At our worst, we Christians have isolated and insulated ourselves from our culture's mainstreams. We can be inward-looking, self-absorbed, self-important, and cloistered, instead of engaging people at our modern day Mars Hills. I remember a pastor friend who had a parishioner whose child had gone to Christian schools for so long that he was barely functional in the world at large. Another pastor confided to me several summers ago that at his annual denominational meeting delegates were, in all honesty, merely "talking to themselves." And I still remember exactly where I was twenty-five years ago when one of my seminary professors remarked to me that he had never entered a movie theater.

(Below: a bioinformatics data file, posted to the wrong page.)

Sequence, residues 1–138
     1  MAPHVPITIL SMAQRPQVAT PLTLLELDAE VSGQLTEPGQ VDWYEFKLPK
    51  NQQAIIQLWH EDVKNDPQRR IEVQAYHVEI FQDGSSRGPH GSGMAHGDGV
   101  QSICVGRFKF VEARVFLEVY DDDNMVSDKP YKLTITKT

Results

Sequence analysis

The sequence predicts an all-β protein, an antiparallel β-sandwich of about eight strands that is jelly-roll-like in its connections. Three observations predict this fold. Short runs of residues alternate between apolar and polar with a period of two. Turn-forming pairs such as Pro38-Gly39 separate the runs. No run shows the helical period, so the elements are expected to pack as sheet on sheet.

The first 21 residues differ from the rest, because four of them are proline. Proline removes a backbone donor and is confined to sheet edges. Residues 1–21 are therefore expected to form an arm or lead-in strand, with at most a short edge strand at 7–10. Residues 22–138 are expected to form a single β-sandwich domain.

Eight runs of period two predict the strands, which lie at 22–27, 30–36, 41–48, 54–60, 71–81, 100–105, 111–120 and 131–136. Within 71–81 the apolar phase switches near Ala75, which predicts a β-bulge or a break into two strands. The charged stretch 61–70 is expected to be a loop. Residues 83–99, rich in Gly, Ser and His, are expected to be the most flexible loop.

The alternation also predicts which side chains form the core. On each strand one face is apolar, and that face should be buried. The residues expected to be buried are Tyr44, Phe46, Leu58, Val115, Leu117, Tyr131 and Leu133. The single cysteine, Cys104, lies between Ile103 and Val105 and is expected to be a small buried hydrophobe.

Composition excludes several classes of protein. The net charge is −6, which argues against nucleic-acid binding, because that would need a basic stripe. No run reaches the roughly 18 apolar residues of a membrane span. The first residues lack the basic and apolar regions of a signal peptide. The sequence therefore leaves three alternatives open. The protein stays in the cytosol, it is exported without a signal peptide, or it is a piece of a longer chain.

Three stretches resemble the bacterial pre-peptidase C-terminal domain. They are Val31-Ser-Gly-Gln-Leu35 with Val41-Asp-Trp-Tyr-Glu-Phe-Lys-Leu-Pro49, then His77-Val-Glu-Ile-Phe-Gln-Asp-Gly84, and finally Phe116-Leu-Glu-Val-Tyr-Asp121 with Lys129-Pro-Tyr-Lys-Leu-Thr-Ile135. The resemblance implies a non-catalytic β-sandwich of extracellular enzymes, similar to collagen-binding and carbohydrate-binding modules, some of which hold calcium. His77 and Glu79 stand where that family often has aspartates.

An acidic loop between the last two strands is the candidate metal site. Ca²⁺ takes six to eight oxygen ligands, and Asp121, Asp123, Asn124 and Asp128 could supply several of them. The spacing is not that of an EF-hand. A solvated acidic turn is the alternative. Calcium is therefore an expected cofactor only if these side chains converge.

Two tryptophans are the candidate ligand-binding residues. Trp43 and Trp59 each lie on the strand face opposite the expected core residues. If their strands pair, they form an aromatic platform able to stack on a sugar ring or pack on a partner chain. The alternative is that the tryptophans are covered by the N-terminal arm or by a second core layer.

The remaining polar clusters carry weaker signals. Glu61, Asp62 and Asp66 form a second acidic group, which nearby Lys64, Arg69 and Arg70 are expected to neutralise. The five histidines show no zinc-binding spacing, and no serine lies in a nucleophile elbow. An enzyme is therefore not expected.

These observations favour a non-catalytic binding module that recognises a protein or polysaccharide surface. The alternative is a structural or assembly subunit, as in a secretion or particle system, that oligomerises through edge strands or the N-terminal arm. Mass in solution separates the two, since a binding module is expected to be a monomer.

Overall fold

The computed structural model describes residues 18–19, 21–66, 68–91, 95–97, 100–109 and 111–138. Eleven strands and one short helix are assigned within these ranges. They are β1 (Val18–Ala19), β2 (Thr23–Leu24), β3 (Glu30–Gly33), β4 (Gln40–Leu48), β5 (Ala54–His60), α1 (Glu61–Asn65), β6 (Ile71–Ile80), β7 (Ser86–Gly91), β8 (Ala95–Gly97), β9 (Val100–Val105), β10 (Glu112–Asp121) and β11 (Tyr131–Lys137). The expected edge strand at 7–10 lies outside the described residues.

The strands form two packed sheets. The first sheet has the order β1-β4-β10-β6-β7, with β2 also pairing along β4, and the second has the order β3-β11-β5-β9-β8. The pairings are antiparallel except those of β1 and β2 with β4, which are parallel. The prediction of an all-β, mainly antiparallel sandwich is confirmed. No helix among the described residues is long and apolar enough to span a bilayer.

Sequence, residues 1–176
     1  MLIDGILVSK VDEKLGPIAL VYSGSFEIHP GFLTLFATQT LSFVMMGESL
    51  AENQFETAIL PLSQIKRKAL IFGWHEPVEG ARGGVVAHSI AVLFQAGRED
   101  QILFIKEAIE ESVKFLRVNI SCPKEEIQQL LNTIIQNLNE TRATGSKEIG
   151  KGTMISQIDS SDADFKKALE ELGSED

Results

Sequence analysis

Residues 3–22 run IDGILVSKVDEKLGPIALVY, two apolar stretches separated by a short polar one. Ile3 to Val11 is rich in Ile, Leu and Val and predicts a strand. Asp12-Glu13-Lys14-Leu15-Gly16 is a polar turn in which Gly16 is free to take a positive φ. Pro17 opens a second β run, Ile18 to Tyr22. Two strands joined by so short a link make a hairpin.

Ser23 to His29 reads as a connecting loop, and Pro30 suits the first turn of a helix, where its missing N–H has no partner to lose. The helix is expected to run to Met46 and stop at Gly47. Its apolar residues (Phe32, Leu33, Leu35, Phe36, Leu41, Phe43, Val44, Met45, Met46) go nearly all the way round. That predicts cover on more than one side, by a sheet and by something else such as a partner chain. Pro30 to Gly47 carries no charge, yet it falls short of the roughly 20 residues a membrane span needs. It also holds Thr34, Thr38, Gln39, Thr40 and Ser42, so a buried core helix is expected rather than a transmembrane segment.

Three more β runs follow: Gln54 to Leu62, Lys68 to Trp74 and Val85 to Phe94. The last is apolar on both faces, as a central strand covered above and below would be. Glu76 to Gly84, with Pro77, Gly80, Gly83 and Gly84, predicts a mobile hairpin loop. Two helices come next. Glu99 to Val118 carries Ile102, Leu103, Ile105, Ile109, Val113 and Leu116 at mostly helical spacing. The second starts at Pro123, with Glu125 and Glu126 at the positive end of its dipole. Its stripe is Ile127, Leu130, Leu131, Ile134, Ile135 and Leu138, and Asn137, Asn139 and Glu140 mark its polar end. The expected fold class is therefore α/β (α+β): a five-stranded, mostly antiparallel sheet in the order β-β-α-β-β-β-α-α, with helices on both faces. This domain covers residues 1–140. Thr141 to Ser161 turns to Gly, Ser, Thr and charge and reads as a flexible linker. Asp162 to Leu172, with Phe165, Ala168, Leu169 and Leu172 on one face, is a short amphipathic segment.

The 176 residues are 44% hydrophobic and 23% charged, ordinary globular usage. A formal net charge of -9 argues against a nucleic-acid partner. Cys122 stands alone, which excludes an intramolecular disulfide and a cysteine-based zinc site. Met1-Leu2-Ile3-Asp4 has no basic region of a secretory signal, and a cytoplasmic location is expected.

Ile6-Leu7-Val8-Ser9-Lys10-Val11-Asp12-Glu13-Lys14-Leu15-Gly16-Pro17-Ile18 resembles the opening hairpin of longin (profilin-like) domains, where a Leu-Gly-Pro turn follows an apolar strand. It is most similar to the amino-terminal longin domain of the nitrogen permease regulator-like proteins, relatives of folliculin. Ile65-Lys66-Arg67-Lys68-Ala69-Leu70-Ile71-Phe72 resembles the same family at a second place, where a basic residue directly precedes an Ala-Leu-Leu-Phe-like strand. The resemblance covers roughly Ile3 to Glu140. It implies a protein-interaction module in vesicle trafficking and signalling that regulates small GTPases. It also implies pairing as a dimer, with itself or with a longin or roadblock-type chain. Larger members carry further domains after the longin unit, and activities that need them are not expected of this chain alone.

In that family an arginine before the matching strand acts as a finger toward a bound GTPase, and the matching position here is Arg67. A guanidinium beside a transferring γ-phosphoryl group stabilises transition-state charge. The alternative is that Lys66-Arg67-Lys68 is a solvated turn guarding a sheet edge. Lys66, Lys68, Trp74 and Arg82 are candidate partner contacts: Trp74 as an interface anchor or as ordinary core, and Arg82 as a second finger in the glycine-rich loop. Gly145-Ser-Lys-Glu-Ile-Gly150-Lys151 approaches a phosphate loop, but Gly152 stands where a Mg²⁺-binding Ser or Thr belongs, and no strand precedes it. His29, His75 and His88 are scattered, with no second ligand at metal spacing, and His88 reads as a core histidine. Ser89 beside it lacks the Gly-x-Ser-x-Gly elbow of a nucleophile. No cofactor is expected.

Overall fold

But at our best, Christians like Neil have always been just as comfortable living, learning and sharing the Gospel in the marketplace of ideas as in the ministry of the church, in bars and board rooms as well as in basilicas, in university lecture halls as easily as in church fellowship halls. In an outward, centrifugal movement modeled after Paul at the Areopagus, believers have welcomed the opportunity to meet real people where they really live, work, and think, in order to gain a hearing for their "strange ideas" about repentance, rebirth, and the resurrection.